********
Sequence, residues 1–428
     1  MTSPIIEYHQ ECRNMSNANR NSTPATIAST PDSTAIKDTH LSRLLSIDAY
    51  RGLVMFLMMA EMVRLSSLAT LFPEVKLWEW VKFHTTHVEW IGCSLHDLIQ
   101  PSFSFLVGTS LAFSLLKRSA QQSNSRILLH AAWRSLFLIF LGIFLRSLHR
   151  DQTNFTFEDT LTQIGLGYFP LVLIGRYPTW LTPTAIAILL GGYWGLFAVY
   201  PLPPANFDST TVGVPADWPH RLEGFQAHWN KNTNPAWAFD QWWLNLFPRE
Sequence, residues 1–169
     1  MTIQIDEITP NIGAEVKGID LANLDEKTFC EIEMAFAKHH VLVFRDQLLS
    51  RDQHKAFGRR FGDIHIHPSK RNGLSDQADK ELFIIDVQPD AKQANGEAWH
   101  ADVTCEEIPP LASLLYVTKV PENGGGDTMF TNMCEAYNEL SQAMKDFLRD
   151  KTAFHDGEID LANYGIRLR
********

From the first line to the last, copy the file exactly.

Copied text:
Sequence, residues 1–428
     1  MTSPIIEYHQ ECRNMSNANR NSTPATIAST PDSTAIKDTH LSRLLSIDAY
    51  RGLVMFLMMA EMVRLSSLAT LFPEVKLWEW VKFHTTHVEW IGCSLHDLIQ
   101  PSFSFLVGTS LAFSLLKRSA QQSNSRILLH AAWRSLFLIF LGIFLRSLHR
   151  DQTNFTFEDT LTQIGLGYFP LVLIGRYPTW LTPTAIAILL GGYWGLFAVY
   201  PLPPANFDST TVGVPADWPH RLEGFQAHWN KNTNPAWAFD QWWLNLFPRE
Sequence, residues 1–169
     1  MTIQIDEITP NIGAEVKGID LANLDEKTFC EIEMAFAKHH VLVFRDQLLS
    51  RDQHKAFGRR FGDIHIHPSK RNGLSDQADK ELFIIDVQPD AKQANGEAWH
   101  ADVTCEEIPP LASLLYVTKV PENGGGDTMF TNMCEAYNEL SQAMKDFLRD
   151  KTAFHDGEID LANYGIRLR